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Gaia in Greek Mythology

Updated on May 3, 2016
Colin Quartermain profile image

Having travelled through Italy, Greece and the Aegean in his youth, Colin quickly became interested in the ancient mythology of the region.

Gaia Mother Earth in Greek Mythology

Gaia was historically one of the most important goddesses of Ancient Greece; although her importance was lessened with the spread of the Hellenic people. Even today though, Gaia, as mother earth, is still revered in some circles, especially neo-paganism.

Gaia, in Greek mythology, was the goddess of the earth, and also revered as the mother god; Gaia was after all mother to many other deities.

Gaia comes into Existence

In Greek mythology, Gaia was not thought of as being born, but the emergence of the goddess was used to explain the creation of the universe as the Ancient Greeks saw it.

Hesiod, in the Theogony, provides a genealogy for the gods; the name Theogony meaning genealogy. Today, the Theogony, is the most often used source for the family tree of the gods, although in antiquity, there were many differing views about the genealogy of the Greek gods.

Hesiod though, would write that Gaia came into existence at the very start of time, emerging from Chaos. Chaos, Gaia, Tartarus and Eros were therefore named as the first four Protogneoi, the first born of the Greek pantheon.

Gaia Mother Goddess

Anselm Feuerbach (1829–1880) PD-art-100
Anselm Feuerbach (1829–1880) PD-art-100 | Source

The First Period of Motherhood

Gaia was devoid of features in the beginning, but mother earth started to shape herself, bringing forth children; although at that time Gaia had no mate. These first children of Gaia were the ten Ourea, the mountains, Pontus, the sea, and Ouranus, the sky. Hesiod would state that Ouranus was brought forth specifically to bring cover to Gaia, although he would be the first mate of Gaia.

Gaia then started to bring forth life, mating with Ouranos, to give birth to the three original Cyclopes, the three Hecatonchires and the twelve Titans.

Gaia would also mate with Pontus, bringing forth other sea deities including, Ceto, Eurybia, Nereus, Phorcys and Thaumas; and Mother Earth would also give birth to a child of Tartarus, the monstrous Typhon.

Ouranus and the Titans

Giorgio Vasari (1511–1574) PD-art-100
Giorgio Vasari (1511–1574) PD-art-100 | Source

The Second Period of Motherhood

Ouranus would take up the mantle of first supreme god, but was insecure of his position, and so imprisoned the powerful Cyclopes and Hecatonchires in Tartarus, deep within the bowels of Gaia. This imprisonment would cause Gaia physical pain, and so Mother Earth would conspire with the Titans, and in particular Kronos, to overthrow their father.

Gaia would fashion an adamantine sickle, which Kronos used to castrate Ouranus. The blood of Ouranus would fall onto Gaia, and so more children were born to Mother Earth, these being the Gigantes, the Erinyes, and the Meliae nymphs.

Kronos was now supreme deity, but he was no more secure than his father had been, and so the Hecatonchires and Cyclopes remained imprisoned, leaving Gaia in pain. Gaia then made a prophecy about Kronos being overthrown by his offspring, just as Kronos had overthrown his own father.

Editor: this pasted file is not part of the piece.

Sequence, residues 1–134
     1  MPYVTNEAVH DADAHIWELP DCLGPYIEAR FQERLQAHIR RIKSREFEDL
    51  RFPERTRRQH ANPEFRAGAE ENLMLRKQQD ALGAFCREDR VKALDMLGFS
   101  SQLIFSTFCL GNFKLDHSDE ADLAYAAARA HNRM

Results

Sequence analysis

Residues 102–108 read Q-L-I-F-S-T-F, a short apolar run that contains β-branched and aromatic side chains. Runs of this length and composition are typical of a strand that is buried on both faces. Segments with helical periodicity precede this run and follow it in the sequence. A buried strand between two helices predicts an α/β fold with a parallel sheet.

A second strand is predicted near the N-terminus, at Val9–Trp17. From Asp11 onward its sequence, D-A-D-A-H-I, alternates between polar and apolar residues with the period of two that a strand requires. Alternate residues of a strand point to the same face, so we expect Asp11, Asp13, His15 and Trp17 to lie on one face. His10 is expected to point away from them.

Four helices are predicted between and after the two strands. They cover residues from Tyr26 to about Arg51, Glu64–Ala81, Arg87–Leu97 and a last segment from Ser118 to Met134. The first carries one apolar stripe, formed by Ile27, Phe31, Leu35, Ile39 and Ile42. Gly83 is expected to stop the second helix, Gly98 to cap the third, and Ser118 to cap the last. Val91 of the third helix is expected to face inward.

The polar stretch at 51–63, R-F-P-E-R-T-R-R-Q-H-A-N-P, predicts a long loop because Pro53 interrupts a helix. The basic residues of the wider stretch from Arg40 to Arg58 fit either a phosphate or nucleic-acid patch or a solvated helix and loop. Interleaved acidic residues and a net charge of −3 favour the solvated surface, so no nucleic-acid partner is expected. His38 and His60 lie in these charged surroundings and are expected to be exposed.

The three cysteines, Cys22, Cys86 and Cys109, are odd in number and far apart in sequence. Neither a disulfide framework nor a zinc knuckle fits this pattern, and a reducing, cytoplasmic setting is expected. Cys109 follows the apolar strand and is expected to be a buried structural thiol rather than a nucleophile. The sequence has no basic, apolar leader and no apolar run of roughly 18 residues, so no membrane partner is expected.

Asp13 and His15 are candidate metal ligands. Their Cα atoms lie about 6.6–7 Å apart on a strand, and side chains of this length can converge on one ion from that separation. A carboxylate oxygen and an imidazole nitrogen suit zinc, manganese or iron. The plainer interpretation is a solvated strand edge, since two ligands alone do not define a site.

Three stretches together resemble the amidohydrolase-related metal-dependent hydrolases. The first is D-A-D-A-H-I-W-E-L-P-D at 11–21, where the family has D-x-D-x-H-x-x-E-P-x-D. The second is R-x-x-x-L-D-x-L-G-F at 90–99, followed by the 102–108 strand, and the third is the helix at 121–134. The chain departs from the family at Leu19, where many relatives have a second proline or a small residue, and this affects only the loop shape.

To avoid the prophecy Kronos would swallow his own children, born to Rhea, imprisoning them in his stomach when they were born. Thus, Poseidon, Hades, Hestia, Demeter and Hera, were all born and imprisoned. Zeus would have followed his siblings, but Gaia aided Rhea in hiding the last born son on Crete.

Gaia was already planning the overthrow of Kronos and the Titans, and so when Zeus came of age, it was Gaia who convinced him to rise up against his father. The Titanomachy would be the result, and Gaia managed to ease her own pain, by having Zeus release the Cyclopes and Hecatonchires from within her.

Zeus had rid Gaia of her pain, but then immediately brought about new pain by imprisoning most of the defeated Titans within Tartarus at the end of the Titanomachy. As a result Gaia would conspire once again, this time with the Gigantes, although in the Gigantomachy, Zeus was once again ultimately successful.

The Titanomachy

Joachim Wtewael (1566–1638) PD-art-100
Joachim Wtewael (1566–1638) PD-art-100 | Source

A Third Generation of Offspring

Zeus did not punish Gaia for conspiring against him though, and Mother Earth would mate with a number of Olympian gods to bring forth a third generation of offspring. With Zeus, Gaia would become mother to King Manes, with Poseidon, Gaia mothered the giant Antaeus and the monstrous Charybdis, and with Hephaestus, Gaia gave birth to the Athenian king Erichthonius.

The Role of Gaia in Greek Mythology

Gaia had already made a prophecy about Kronos being overthrown, and the earliest Oracles of Ancient Greece had been dedicated to the goddess. Gaia was, as a result, widely celebrated and worshipped across Greece.

Her relative importance though would dwindle, and the arena of prophecy would be taken over by Apollo; the Hellenic gods of Mount Olympus having usurped all those that had gone before. It was though not forgotten that ultimately all of life in Ancient Greece came from Gaia.

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